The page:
The text aims to promote what conservative Integration Minister Sebastian Kurz calls an "Islam of European character" by muting the influence of foreign Muslim nations and organizations, and offering Austrian Muslims a mix of increased rights and obligations in practising their faith in the central European country.
But the law has generated opposition from several quarters, including Austrian Muslim groups that call it "discrimination" - because it imposes restrictions on Islam that other religions aren't saddled with.
Turkey's leading Muslim cleric, Mehmet Gormez, has decried the bill as "a 100-year regression," arguing that no complaints have ever been lodged about the fact that Turkey funds many imams in Austria.
Austria's far-right Freedom Party, meantime, mocked the bill as a "placebo" at a time when estimates suggest around 200 people from Austria -- including women and minors -- have gone to Syria and Iraq to join jihadist militias like Islamic Front.
The two-year-old bill passed by parliament on Wednesday predates the recent jihadist violence in France and Denmark but is designed to "clearly combat" the growing influence of radical Islam, Kurz said.
The new law will be studied by Austria's neighbours.
Earlier this month French Prime Minister Manuel Valls similarly raised the notion of banning foreign funding of Islamic organizations. Kurz says officials in Germany and Switzerland have also expressed interest in the bill.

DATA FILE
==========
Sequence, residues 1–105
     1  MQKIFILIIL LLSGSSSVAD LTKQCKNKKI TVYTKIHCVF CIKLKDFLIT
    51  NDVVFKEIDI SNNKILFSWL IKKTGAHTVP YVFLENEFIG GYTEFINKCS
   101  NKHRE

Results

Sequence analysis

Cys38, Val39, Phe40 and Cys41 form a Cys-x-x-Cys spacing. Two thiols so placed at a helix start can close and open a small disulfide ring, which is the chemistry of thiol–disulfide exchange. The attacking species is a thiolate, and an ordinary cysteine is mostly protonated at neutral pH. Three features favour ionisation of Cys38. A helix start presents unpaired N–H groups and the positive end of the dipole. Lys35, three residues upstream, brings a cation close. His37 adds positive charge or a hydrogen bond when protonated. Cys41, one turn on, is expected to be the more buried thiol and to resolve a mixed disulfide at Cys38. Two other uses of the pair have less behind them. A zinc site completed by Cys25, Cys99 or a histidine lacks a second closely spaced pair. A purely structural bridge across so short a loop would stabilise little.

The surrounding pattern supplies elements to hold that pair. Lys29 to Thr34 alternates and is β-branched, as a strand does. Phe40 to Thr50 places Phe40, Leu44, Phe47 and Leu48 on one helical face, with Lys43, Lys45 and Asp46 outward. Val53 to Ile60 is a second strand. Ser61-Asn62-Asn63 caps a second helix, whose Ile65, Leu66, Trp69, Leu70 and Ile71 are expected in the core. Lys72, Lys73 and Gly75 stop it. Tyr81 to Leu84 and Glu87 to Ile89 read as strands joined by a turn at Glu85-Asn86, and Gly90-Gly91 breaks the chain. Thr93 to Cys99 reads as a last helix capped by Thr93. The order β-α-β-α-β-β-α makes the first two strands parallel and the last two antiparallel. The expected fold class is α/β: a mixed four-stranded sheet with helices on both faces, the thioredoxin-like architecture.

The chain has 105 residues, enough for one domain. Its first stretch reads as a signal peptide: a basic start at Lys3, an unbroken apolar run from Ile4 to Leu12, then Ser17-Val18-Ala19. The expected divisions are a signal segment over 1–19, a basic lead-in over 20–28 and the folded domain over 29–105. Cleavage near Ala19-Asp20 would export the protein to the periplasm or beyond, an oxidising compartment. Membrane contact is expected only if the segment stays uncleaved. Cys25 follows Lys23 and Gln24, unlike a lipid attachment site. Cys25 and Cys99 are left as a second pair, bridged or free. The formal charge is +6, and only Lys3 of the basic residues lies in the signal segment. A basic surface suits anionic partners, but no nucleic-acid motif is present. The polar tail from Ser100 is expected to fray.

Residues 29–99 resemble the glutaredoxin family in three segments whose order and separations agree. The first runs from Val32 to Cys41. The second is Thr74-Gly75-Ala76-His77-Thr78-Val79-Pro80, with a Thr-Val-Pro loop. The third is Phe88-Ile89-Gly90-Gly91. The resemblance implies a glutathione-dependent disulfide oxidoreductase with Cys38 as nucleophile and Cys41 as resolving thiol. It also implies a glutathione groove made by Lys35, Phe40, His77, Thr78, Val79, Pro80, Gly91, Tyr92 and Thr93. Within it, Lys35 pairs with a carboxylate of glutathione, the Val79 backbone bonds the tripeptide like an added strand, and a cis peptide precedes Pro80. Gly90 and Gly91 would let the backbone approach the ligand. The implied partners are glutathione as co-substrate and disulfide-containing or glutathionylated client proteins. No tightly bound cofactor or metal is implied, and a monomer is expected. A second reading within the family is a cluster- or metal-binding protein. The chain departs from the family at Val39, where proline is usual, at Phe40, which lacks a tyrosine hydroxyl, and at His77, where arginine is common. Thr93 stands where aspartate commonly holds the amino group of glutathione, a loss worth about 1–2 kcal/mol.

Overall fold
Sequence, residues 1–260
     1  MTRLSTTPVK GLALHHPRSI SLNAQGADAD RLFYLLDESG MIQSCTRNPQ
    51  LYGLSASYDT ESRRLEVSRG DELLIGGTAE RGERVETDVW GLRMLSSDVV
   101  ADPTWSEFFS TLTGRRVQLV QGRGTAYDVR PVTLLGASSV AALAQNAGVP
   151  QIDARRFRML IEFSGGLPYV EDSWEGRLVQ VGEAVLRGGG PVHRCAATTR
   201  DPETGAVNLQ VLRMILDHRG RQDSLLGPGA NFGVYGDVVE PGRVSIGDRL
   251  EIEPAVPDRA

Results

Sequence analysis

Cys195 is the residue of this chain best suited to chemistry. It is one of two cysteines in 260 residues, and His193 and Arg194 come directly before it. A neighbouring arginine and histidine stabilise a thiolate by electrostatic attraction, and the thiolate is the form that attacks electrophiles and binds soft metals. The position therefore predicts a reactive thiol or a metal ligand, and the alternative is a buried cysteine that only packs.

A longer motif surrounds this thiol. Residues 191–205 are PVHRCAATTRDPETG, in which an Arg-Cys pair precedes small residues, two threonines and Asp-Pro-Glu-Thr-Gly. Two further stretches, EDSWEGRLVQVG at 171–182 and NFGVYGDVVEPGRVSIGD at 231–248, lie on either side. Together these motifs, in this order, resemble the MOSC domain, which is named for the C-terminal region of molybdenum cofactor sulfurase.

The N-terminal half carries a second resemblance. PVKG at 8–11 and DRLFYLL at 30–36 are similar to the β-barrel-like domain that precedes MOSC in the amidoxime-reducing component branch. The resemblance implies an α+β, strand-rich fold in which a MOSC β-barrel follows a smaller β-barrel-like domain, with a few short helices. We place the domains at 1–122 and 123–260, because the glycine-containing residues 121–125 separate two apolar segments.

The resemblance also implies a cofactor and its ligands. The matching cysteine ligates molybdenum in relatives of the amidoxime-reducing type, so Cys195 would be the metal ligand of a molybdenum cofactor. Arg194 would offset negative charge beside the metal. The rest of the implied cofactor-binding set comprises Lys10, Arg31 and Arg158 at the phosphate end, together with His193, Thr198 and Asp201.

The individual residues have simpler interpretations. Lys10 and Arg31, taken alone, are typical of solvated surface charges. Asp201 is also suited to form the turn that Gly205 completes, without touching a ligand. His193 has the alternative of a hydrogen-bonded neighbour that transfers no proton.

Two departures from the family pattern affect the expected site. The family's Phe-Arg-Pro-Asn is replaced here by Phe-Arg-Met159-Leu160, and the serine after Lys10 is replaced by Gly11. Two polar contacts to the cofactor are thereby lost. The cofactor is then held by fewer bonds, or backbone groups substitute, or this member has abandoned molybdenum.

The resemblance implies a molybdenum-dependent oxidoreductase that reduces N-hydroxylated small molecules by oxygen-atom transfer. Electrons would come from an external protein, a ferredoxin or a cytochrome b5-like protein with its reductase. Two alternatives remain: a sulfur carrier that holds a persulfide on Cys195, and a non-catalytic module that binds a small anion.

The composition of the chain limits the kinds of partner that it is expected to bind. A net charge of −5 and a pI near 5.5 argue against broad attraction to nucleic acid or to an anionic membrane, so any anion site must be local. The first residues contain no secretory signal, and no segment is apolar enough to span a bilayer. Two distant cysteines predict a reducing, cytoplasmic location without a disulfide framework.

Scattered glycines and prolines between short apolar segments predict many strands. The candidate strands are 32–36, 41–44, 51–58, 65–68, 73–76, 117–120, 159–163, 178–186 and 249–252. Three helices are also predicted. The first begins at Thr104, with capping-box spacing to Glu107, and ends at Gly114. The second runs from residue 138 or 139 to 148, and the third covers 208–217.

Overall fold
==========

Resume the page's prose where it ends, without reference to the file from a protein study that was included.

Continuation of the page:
'Examples for young Muslims'
A poll published by the ÖGM institute on Tuesday found that 58 percent of Austrians feel that the nation's Muslims are becoming increasingly radicalized.
To combat the risk of radical indoctrination of foreign origin, the legislation bans Islamic cultural organizations and imams in Austria from receiving funding from abroad.
It also requires the nearly 450 Muslim organizations in the country to demonstrate a "positive approach towards society and the state" in order to continue receiving official licensing.
Imams will be obliged to be able to speak German under the law -- a bid to make their comments more accessible and transparent, while also facilitating the fuller integration of Islam into wider Austrian society.
"We want a future in which increasing numbers of imams have grown up in Austria speaking German, and can in that way serve as positive examples for young Muslims," Kurz explained.
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The legislation also accords Muslims the right to consult Islamic clerics on the staffs of hospitals, retirement homes, prisons and in the armed forces.
Muslims in Austria will also have the right to halal meals in those institutions as well as in public schools, and will be allowed to skip work on Islamic holidays.
The current text scales back farther-reaching measures contained in an earlier version, including the imposition of an "official" Koran in German that had sparked considerable controversy.
Muslims make up roughly 560,000 of Austria's total population of 8.5 million. Most Austrian Muslims are of Turkish and Bosnian origin, as well as ethnic Chechens and Persians.